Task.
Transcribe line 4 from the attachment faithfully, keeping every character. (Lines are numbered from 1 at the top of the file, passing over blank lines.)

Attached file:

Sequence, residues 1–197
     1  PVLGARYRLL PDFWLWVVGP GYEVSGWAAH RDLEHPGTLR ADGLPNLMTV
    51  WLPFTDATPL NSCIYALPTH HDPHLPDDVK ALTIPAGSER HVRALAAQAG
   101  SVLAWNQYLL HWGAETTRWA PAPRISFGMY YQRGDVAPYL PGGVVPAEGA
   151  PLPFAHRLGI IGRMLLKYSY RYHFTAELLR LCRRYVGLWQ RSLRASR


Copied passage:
   101  SVLAWNQYLL HWGAETTRWA PAPRISFGMY YQRGDVAPYL PGGVVPAEGA